First, a recap of what happened last year: A few weeks after AWS's outage, the company released a post-mortem report detailing what caused the disruption and steps the company took immediately following. Basically, human error started the chain reaction of events. In the wee hours of the morning of April 21, 2011, while attempting to upgrade the East Coast region of the company's Elastic Block Storage (EBS) service -- a storage feature that links in with the company's Elastic Cloud Compute (EC2) offering -- part of the EBS network was switched to a lower capacity infrastructure that wasn't prepared to handle the traffic of the EBS system. The EBS nodes attempted to rectify the problem themselves, causing a network traffic jam that soon spilled over into another AWS feature, the Relational Database Service (RDS), another log storage offering. In all, about 13 percent of the EBS nodes in the affected area were impacted by the outage, and after the four-day event, 0.07 percent of the impacted data was permanently lost.
Experts say AWS has made improvements to its system since then, but it's unclear just how substantial those are. For example, in the post-mortem report the company says it audited its change process and increased the use of automation tools when making updates to avoid human error. Drue Reeves, a Gartner analyst who tracks the cloud industry and AWS, says the company has boosted its primary and secondary EBS networks to handle high network capacities. "It's made EBS more resilient," he says. "They've taken some steps to rectify the situation to make sure this instance doesn't happen again, but that doesn't mean we won't have other outages."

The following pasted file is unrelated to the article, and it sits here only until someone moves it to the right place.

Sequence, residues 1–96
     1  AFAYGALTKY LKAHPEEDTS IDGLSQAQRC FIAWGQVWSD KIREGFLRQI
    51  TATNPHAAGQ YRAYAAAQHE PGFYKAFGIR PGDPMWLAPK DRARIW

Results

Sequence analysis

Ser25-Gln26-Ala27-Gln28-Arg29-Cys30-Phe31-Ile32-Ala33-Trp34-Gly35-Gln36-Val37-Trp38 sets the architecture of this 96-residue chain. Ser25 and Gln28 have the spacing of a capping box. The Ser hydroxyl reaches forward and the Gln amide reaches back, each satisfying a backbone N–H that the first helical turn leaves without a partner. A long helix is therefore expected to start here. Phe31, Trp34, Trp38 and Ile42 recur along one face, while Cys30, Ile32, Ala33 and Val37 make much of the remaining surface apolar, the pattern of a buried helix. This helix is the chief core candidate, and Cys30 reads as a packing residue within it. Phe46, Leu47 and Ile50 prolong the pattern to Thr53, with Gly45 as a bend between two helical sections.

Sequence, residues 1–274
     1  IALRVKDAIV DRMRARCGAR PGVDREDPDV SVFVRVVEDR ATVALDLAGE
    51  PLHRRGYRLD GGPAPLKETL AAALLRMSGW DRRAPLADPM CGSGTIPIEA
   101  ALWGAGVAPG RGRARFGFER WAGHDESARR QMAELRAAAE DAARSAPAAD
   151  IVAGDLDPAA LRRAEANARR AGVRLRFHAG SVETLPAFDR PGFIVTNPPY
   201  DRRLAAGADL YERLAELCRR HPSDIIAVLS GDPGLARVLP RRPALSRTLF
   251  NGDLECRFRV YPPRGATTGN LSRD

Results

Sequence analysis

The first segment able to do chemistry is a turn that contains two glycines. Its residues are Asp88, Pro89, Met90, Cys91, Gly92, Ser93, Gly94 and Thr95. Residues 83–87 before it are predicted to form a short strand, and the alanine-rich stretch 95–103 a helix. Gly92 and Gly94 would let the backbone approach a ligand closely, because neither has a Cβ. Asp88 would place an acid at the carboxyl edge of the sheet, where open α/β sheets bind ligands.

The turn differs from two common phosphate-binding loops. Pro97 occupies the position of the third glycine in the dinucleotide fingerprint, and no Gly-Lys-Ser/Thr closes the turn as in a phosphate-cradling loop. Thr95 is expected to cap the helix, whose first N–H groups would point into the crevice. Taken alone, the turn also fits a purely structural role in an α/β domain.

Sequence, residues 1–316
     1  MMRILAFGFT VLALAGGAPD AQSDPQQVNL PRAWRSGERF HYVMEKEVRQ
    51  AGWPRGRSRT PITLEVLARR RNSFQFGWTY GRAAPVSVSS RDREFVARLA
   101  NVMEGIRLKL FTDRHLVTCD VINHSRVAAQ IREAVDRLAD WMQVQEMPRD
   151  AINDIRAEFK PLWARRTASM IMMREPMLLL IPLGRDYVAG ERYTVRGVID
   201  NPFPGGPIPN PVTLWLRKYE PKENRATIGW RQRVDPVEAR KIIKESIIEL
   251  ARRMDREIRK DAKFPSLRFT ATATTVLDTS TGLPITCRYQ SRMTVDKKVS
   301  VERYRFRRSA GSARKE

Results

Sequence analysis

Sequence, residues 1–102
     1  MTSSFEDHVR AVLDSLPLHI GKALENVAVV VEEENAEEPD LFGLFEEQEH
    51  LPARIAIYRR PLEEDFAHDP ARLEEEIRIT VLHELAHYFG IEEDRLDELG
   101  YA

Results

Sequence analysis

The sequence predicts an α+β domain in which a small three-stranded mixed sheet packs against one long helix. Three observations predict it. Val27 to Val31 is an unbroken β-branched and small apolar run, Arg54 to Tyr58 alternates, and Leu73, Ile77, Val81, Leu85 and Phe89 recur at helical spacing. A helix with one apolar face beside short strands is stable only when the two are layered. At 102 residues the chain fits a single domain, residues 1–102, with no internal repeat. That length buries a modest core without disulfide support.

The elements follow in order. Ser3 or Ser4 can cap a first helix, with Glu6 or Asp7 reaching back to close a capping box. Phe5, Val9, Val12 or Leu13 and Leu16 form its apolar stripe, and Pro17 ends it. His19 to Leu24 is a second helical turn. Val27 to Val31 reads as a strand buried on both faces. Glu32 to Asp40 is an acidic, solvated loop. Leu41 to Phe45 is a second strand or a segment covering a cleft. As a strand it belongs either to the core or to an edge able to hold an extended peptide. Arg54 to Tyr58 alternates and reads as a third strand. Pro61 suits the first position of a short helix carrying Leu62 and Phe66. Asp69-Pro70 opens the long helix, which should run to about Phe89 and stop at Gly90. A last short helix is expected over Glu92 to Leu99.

The company says it has taken steps to ensure that problems in one area don't spill over to bring down other services, and Amazon says it has made it easier for customers to build fault-tolerant systems using AWS products. The company's secretive nature related to the architecture of its cloud operations make it difficult to assess security vulnerabilities though, Reeves says.
AWS promised to be more forthright about outages in the future. During last April's downtime, hours after the event, the company said only that a "networking event" had occurred, frustrating many customers who wanted information on what had happened and estimates on when services would be back up. A spokesperson for AWS wrote in an email that the post-mortem report details a number of changes the company has made: "This included software fixes as well as new features including EC2 Instance Status Monitoring and EBS Volume Status, which provide customers the information they need in order to understand the full health of their resources running in AWS."
The company has also stressed what customers can do themselves to protect against outages. At the crux of this is the idea of availability zones (AZ). AWS has eight global regions where customers can store data, including the U.S. East Coast region, where this outage was centered. Then there are availability zones within each region, which are physically separated, independent infrastructures meant to allow for high availability of data. In what amounted to a polite 'I told you so,' AWS makes clear in the recap of the outage that customers who backed up their data in multiple AZs were less affected by the outage. For customers using the Amazon Relational Database Service, 45 percent who used a single AZ were impacted by the outage, but only 2.5 percent of customers using multi-AZs were, according to AWS. A series of whitepapers and webinars have been sponsored by the company since the outage advising customers of how to architect multi-AZ systems.